It’s a popular term these days, but what does it really mean?
The term itself is new, but the concept is old as the hills, literally. Humans were self-sufficient long before pre-history. Their lives depended on it, but how did they do it? They didn’t have coffee-table books full of glossy pictures, YouTube videos, lifestyle tv shows or ex-Navy Seals to show them the way.
They did it just as we should: together. They watched, talked and listened. To the successes and failures of their neighbours, their Elders and Ancestors and the patterns and surprises within the natural world.
Of course, self-sufficiency had a different name back then: survival. In order to survive, families had to plan, to prepare and co-operate with each other. This they did, and because they did, we are here today.
Is it just me, or is there a sense of resurgence to the simple living of our Ancestors? Increasing numbers of us are coming to realize we cannot rely on ‘the Government’ to provide for us or look after us. We see that in times of sudden change: such as natural disaster, or economic downturn, the assistance we can expect to receive from a Government is limited. I believe we must look to ourselves, and each other, to sustain healthy and resilient communities.
So, what can we do to better look after ourselves and our loved ones? It’s easier than you might think but… it depends on your expectations. If your aim is to live a good life where your basic needs are met and anything else is honey, you’re in luck and… you’re in the right place to learn how.
I strive toward a realistic self-sufficient lifestyle but, I am a realist. I am not trying to go ‘off-grid’. I have children to feed and educate and I enjoy living in a community. In fact, I believe it’s almost impossible to be fully self-sufficient, producing all your own food, water, electricity, medicine and every other thing you need (soap, clothes, etc). I’m not saying it’s impossible to do, but such a level of self-sufficiency would be difficult to achieve and even harder to maintain in the modern day.
Here is the good news: you don’t need to be fully self-sufficient.
You need not do as I did and move your family from drought affected mainland to lush green Tasmania. You need not live in the country. Whether you live on a small parcel of land or an inner- city apartment, I will help you learn basic skills, and introduce you to lots of interesting ideas and people.
Feel free to pick’n’mix, take from me what makes most sense to you, or what skills or ideas you are able to adapt to within your own lifestyle.
So, if you’re ready to ditch the hype and get some dirt under your nails, read on and join me, and my special guests, on our path to no-fuss self-sufficiency.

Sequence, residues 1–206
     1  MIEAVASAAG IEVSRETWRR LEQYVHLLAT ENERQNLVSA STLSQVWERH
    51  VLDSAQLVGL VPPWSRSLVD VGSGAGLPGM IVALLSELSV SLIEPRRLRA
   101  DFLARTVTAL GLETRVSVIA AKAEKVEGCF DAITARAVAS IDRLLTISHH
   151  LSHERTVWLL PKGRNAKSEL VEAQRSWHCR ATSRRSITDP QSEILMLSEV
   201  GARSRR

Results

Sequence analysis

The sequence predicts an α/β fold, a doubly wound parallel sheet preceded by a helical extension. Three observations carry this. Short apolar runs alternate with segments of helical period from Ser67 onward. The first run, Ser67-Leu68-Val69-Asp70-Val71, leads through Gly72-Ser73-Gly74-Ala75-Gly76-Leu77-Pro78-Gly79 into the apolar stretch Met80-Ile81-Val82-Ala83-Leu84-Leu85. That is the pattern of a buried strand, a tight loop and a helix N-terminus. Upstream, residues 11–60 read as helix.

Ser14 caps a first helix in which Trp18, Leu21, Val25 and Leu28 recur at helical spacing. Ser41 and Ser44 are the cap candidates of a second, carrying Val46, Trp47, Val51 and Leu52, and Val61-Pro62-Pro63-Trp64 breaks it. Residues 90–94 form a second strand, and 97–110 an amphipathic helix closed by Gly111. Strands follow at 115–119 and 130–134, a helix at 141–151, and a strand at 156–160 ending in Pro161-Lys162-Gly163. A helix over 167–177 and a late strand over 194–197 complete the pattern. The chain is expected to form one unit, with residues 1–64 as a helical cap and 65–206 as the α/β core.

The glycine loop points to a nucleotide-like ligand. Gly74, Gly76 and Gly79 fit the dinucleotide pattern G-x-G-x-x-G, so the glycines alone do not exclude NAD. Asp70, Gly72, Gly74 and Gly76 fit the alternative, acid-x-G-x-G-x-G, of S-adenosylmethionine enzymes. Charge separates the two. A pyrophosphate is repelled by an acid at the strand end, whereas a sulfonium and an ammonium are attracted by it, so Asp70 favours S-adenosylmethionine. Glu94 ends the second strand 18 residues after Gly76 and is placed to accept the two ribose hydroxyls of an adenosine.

ELEPHANT IN THE ROOM.
Yes, I used the word in the title of my site: Prepper.
Prepper. Why do we hate that word? It is a regular word. Derived from Preparation or Prepared, surely it is a good thing, a good word. Another title which has been maligned is Survival, or Survivalist.
So why do these words have such a bad rap? Perhaps it raises images of a crazed gun toting loner protecting his horde of barrelled grain or some dude hunkered down in an underground bunker waiting for the bomb to fall? It implies extremism. Those who shun mainstream society and seem to almost want something bad to happen to affirm their choices.
In recent years there have been many examples of this stereotype of a ‘Prepper’ and ‘Survivalist’ in mainstream media. They are strangely amusing, almost mesmerizing, like a potentially dangerous circus act. The crazy ‘Prepper’: entertaining to watch from a distance, but you wouldn’t want to live next door to one.
I remember my Mother, back in the 1970’s, carefully checking and stocking the pantry shelves. As an adult and parent myself now, I look back and see that she was a ‘Prepper’. With four children and one income, she always ensured the pantry was well stocked. If we used a can of baked beans, she would replace it with 2 cans of baked beans. We never ran out, and if we had a lean week with lots of big bills, there was always enough to feed the family. She was a ‘Prepper’ before it was considered good or bad to be a ‘Prepper”.
And we weren’t alone, lots of families did the same thing. Putting a little money away every week to cover the bills, or Christmas, that’s prepping too. Thinking ahead, planning, preparing.
We should none of us be ashamed or embarrassed for our interest in, or efforts toward being prepared. No matter where you live, your financial status or family situation, being prepared makes sense.
I believe that prepping and self-sufficiency are two sides of the one coin, so closely linked that to be self-sufficient means that you are prepared… and to be prepared means that you are (at least partly) self-sufficient.
So, I ask you to reject the stereotype of the crazy ‘Prepper’ and at every opportunity remind yourself and others, that in truth, prepping is self-responsibility, self-care and most of all, smart.